warning: Creating default object from empty value in /home/history/public_html/modules/taxonomy/taxonomy.pages.inc on line 33.

WWW Threatened with Extinction

In 1922 the BSA was 12 years old. It was still a young organization. To improve the Scout program and to train the professional corps, the BSA held Biennial National Meetings of Scout executives. In September 1922 the Scout executives gathered at the Blue Ridge Assembly near Asheville, North Carolina.

WWW Becomes Official BSA Experiment

As a result of actions taken at the 1922 Scout executives Conference Wimachtendienk, W.W. and two other camp fraternities were deemed “official experiments” of the Boy Scouts of America. The other two groups, Tribe of Gimogash and Ku-Ni-Eh were active in as many or more councils at the time as WWW. Essentially this was the approval that the camp societies could continue to operate.

Edson's Second Degree

There is a lack of consensus regarding the date of Carroll A. Edson’s Second Degree induction. Evidence exists that point to three different years: 1915, 1916 and 1917. (As an editorial decision the OA History Timeline has placed the date of Edson’s Vigil as 1917 as the most likely year based upon the evidence.)

The evidence that points to 1915 or 1916 as the year of Edson’s Second Degree is found in the writings of George W. Chapman. Chapman wrote the following excerpt that would seem to indicate that Edson kept his Second Degree (Vigil) in 1915 or 1916:

Carroll A. Edson

Carroll A. Edson was born on December 29, 1891. He received his Bachelors of Science degree from Dartmouth College in 1914. In 1915 Philadelphia Council hired 23-year old Edson as a Field Commissioner (what we call a Field Executive today). Edson was subsequently appointed to serve as Assistant Camp Director in charge of commissary for the summer of 1915 at Treasure Island Scout Reservation. In this capacity he worked with E. Urner Goodman as they founded Wimachtendienk. While Goodman was known for his vision, Edson was known for his ability to get the job done.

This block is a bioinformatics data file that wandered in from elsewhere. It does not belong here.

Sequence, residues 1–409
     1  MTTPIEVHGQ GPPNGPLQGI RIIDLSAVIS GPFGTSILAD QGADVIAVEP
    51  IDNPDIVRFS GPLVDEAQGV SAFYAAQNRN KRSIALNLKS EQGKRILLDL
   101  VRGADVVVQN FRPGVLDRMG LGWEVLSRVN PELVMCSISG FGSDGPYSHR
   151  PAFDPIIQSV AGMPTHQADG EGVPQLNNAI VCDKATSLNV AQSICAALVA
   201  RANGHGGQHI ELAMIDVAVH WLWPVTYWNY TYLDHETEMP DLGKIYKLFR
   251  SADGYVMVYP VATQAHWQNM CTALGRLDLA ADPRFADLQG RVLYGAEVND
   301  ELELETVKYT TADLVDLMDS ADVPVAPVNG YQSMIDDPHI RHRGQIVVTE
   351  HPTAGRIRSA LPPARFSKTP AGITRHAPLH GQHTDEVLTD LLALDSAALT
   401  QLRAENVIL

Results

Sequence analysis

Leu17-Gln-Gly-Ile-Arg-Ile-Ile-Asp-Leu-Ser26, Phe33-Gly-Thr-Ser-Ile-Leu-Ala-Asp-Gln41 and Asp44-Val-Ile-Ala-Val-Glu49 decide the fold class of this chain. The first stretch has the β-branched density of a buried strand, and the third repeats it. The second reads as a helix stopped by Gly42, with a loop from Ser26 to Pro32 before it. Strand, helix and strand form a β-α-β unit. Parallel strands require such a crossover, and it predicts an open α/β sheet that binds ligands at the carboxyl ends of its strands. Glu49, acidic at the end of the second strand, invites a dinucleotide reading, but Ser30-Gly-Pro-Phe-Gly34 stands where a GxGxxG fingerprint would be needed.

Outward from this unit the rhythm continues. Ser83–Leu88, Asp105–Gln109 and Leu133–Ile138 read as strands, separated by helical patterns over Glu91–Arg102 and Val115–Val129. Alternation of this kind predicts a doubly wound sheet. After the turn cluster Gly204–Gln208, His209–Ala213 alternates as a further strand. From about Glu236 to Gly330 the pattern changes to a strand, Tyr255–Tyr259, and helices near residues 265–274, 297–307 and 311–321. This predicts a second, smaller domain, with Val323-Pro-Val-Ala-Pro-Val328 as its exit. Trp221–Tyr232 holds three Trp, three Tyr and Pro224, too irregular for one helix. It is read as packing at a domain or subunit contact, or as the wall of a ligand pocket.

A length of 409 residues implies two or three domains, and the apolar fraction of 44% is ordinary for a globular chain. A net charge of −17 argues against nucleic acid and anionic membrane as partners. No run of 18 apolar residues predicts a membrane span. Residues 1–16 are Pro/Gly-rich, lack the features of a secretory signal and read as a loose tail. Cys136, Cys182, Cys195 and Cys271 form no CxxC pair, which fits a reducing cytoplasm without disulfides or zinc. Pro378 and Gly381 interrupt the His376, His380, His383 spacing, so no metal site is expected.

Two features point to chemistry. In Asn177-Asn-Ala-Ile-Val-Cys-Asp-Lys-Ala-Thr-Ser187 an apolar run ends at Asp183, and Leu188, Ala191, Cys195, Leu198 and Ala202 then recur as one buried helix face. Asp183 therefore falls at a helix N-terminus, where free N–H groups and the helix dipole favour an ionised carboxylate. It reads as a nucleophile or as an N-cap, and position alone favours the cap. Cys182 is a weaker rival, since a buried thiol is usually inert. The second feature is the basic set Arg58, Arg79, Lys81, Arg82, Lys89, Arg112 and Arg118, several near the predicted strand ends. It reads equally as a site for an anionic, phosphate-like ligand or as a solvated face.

First Youth Vigil Honor

Howard L. Seideman was inducted into the Wimachtendienk on August 5, 1915. He was one of seven Scouts inducted during the fourth week of inductions at Treasure Island, the largest class of new Arrowmen the summer of 1915. Seideman was inducted into Wimachtendienk as a youth, as was the case with all Arrowmen selected that first summer other than the founders. He was 17 years old at the time.

Second Lodge Formed

On February 1, 1919, Trenton Lodge* located in Trenton, New Jersey of the Trenton Council became the Order’s second lodge. This was the first expansion of Wimachtendienk into another council. News of this novel idea of a fraternity based on cheerfully serving others would spread, until within fifty years nearly every council in the BSA had their own lodge.

First Ceremony

There is no written copy of the ritual used for induction of members into the Order throughout the 1915 Treasure Island camping season.

In 1965 the Unami Lodge released a copy of a ceremony purported to be the first ceremony. However, after discussions with Arrowmen active in the Lodge in 1965 and with the 1975 Lodge Chief, Phil Hittner, it is clear that the “first ceremony” released was a composite of later ceremonies and editorial license was taken based on what was believed to have happened. Factually the following is known:

First Vigil

The founders had intended that the first Vigil Honor should be for a youth who achieved an outstanding accomplishment or performed a heroic deed. At the close of 1915 Treasure Island summer camp season a small group including Carroll Edson, Harry Yoder and non-member Horace Kern decided that Goodman should be selected for what in 1916 would be called the Second Degree and today is recognized as the first Vigil Honor.

Harry Yoder

In the early part of July 1915, Mr. E. Urner Goodman, enlisted my aid in clearing what is today the ceremonial grounds of the Unami Lodge, on Treasure Island. Armed with an axe and a rake we prospected through the dense brush which covered the lower half of the Island, for a likely location and finally selected the present site.

Treasure Island Ceremonial Grounds

George Chapman shared in his writings the following:

“Shortly after camp opened, Urner Goodman had explored Treasure Island in order to select the most appropriate place for the location of the Council Fire. He selected a site in the south woods of the island, far removed from the ordinary activities of the camp, and Edson agreed with him that it would be an ideal spot.

Syndicate content